c.1920 John Bencic "Lute Banjo" Tambura Conversion

I bought this Cleveland-made John Bencic-maker Macedonian tambura (of the "tamburitza" family of instruments) a while back and have been stewing over how to address its numerous condition issues since initially regluing some seams and repairing headstock and neck hairline cracks. The biggest problem is that the neck was quite warped. To combat that I removed the (already falling-out) tacked-in frets and started leveling the fretboard. I got "so far" in removing the warp (it's now down to about 1/32") and then decided to just go in a different direction and converted the instrument into a fretless banjo sort-of instrument.

It's a lot of fun to play and has a tone somewhere between a shamisen and uke with the volume level of an average concert uke. If you fingerpick or clawhammer it you get a banjo feel but if you use a light pick you can get an assortment of sounds vaguely-similar to various mid-east and far-east instruments.

There are reasons (mostly in time investment vs. return benefits and aesthetic changes) it would have been difficult to make this instrument "right" in its original two-course tambura configuration, so this "lute banjo" modification just seemed more fun and useful to me.

Because of the 24" scale length, it's strung with Aquila Nylgut strings and tuned up to 5-string banjo "A" tuning (aEAC#E) minus the low E string, so the tuning is aAC#E which is reminiscent of really old tackhead minstrel banjos.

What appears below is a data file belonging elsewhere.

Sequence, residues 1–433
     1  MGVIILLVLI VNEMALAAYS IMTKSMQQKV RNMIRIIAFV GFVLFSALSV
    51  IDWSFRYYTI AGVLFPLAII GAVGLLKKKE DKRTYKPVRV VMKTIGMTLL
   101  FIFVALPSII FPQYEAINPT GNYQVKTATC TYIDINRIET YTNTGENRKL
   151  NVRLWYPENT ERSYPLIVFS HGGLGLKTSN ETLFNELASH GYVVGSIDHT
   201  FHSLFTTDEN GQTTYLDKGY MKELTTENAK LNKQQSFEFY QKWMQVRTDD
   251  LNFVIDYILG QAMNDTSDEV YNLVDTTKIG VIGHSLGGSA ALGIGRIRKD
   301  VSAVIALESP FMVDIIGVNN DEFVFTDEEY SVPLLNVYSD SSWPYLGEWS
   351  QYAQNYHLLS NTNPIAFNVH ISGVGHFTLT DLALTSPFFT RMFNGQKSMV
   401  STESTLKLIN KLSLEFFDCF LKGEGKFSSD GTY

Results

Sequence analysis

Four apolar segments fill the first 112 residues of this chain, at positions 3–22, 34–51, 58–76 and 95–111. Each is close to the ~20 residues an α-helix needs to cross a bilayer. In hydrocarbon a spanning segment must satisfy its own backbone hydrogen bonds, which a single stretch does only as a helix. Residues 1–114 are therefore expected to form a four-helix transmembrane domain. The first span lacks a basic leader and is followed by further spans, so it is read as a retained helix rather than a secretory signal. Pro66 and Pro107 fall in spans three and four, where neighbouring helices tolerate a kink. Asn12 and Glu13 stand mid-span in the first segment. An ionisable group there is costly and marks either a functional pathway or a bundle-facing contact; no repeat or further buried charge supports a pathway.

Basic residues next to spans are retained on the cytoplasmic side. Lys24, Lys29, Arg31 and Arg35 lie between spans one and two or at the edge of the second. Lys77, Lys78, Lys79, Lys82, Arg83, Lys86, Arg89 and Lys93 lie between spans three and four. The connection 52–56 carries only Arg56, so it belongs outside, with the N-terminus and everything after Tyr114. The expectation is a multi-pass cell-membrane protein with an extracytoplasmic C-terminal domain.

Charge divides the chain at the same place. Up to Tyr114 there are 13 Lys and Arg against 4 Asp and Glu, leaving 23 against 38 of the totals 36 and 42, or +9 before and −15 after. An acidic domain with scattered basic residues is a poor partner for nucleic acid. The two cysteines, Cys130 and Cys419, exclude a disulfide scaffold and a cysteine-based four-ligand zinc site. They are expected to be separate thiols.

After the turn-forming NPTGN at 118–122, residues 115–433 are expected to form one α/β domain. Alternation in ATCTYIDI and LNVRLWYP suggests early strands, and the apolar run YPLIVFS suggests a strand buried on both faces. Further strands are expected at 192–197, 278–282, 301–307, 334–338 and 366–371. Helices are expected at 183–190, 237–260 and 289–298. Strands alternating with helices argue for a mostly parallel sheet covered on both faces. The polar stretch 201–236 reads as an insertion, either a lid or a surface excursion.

Because I hung the "drone" string off the edge of the fingerboard, I lightly tack-glued the bridge in place to keep it from sliding over back towards the center of the body.

The old machines have a nicely-engraved coverplate like one finds on most tamburitza-family instruments. Note that the new nut (like its original nut) is cut in a trapezoidal shape which means it can be wedged firmly into the nut slot. I've hung that drone string past the fingerboard's edge and used a drilled hole in the nut to keep it in place.

Here's my quick solution for a drone "pip" plus down-tensioner for that string. Interestingly, because of the deeper U profile of the neck, the left hand doesn't rub up against the off-board drone at all. I was thinking I might have to go to some sort of 3-course variant with one string doubled up but this solution turned out just fine.

It's a gorgeous maple neck -- too bad it turned out to be unstable for the steel strings it was originally equipped with!

The original tie-blocks for the steel strings work even better for the Nylgut ones.